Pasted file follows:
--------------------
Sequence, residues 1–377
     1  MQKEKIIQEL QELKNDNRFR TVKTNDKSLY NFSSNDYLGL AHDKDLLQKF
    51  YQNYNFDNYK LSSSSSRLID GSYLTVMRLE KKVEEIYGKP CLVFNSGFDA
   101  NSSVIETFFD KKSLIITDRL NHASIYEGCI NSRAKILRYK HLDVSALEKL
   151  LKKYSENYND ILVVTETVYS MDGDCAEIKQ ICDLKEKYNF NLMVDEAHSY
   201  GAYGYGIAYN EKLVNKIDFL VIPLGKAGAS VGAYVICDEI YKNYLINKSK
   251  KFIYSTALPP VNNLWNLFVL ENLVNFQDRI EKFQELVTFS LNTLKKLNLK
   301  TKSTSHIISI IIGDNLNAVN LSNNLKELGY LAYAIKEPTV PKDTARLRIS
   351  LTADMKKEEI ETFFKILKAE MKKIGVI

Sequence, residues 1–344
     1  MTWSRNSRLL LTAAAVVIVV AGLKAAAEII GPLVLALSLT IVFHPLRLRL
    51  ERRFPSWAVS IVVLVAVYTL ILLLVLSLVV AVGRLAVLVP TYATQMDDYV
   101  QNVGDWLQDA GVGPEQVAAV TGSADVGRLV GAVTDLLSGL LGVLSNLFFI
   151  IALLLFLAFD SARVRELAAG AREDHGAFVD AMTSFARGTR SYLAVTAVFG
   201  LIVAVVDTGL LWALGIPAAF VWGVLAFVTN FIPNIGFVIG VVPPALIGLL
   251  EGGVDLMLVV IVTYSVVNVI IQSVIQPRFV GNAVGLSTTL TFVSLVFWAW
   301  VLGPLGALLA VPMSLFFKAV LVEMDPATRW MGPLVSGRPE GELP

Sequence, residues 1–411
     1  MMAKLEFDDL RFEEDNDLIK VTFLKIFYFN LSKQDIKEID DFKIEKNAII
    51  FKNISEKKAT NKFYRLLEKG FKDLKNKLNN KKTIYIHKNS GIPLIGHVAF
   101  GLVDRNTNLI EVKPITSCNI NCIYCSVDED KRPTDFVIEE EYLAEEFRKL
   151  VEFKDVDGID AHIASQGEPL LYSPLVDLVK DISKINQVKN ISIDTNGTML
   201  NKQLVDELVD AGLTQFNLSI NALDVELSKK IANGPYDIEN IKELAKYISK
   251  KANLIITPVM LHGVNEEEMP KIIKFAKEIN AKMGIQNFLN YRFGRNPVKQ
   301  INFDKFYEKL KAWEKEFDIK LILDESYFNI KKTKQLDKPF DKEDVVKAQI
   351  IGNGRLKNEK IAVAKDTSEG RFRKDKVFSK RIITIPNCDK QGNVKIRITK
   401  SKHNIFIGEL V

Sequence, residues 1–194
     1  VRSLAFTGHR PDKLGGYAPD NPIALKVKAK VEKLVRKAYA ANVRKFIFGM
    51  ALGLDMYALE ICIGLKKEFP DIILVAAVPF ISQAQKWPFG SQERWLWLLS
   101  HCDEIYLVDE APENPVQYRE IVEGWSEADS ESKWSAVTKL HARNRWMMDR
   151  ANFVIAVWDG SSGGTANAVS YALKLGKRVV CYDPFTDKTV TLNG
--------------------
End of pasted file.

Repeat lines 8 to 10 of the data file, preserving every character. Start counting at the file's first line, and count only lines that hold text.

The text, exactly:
   301  TKSTSHIISI IIGDNLNAVN LSNNLKELGY LAYAIKEPTV PKDTARLRIS
   351  LTADMKKEEI ETFFKILKAE MKKIGVI

Sequence, residues 1–344